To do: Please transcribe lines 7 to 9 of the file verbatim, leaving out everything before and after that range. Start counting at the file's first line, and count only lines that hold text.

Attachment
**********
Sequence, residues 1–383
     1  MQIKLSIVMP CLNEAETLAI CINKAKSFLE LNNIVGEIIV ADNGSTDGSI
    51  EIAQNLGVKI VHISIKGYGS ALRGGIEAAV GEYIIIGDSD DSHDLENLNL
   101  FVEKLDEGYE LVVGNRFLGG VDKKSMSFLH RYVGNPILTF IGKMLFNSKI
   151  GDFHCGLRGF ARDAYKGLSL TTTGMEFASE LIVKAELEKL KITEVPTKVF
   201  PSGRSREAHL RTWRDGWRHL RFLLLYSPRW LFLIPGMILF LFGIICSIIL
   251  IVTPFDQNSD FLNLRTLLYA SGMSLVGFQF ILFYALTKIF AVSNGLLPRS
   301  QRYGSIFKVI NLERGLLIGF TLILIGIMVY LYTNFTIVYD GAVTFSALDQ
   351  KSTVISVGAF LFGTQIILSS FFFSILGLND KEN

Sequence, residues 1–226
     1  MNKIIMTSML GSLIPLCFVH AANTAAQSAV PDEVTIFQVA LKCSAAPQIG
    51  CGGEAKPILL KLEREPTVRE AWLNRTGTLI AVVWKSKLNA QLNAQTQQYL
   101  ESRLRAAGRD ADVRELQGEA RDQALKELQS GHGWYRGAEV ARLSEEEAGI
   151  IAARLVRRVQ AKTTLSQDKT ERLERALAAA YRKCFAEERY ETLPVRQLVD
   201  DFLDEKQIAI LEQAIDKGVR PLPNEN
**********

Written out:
   251  IVTPFDQNSD FLNLRTLLYA SGMSLVGFQF ILFYALTKIF AVSNGLLPRS
   301  QRYGSIFKVI NLERGLLIGF TLILIGIMVY LYTNFTIVYD GAVTFSALDQ
   351  KSTVISVGAF LFGTQIILSS FFFSILGLND KEN